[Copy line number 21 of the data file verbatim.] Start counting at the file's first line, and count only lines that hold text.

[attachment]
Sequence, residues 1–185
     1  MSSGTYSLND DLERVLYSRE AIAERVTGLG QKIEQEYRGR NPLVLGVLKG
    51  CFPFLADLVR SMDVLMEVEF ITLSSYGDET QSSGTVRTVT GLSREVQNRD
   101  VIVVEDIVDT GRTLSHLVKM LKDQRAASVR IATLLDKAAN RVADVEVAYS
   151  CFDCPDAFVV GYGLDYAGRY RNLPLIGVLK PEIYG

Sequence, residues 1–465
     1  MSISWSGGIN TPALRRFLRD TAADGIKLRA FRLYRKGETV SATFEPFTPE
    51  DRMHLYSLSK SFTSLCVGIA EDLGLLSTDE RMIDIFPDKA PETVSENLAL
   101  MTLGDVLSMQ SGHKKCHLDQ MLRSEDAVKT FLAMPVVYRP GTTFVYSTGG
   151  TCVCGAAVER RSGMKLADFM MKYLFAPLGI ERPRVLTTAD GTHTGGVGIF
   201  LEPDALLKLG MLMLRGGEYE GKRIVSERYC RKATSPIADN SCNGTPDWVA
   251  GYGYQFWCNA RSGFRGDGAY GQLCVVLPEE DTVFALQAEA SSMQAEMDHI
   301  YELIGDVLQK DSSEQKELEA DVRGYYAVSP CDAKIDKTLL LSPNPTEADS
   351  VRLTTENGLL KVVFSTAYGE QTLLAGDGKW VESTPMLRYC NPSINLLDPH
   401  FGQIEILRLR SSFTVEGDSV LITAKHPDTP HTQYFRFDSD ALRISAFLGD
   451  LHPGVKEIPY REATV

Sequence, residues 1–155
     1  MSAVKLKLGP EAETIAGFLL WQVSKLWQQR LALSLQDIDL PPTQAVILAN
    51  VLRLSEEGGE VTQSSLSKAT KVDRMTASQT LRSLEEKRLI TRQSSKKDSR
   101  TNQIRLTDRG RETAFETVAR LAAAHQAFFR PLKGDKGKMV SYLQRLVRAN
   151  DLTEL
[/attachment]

   151  DLTEL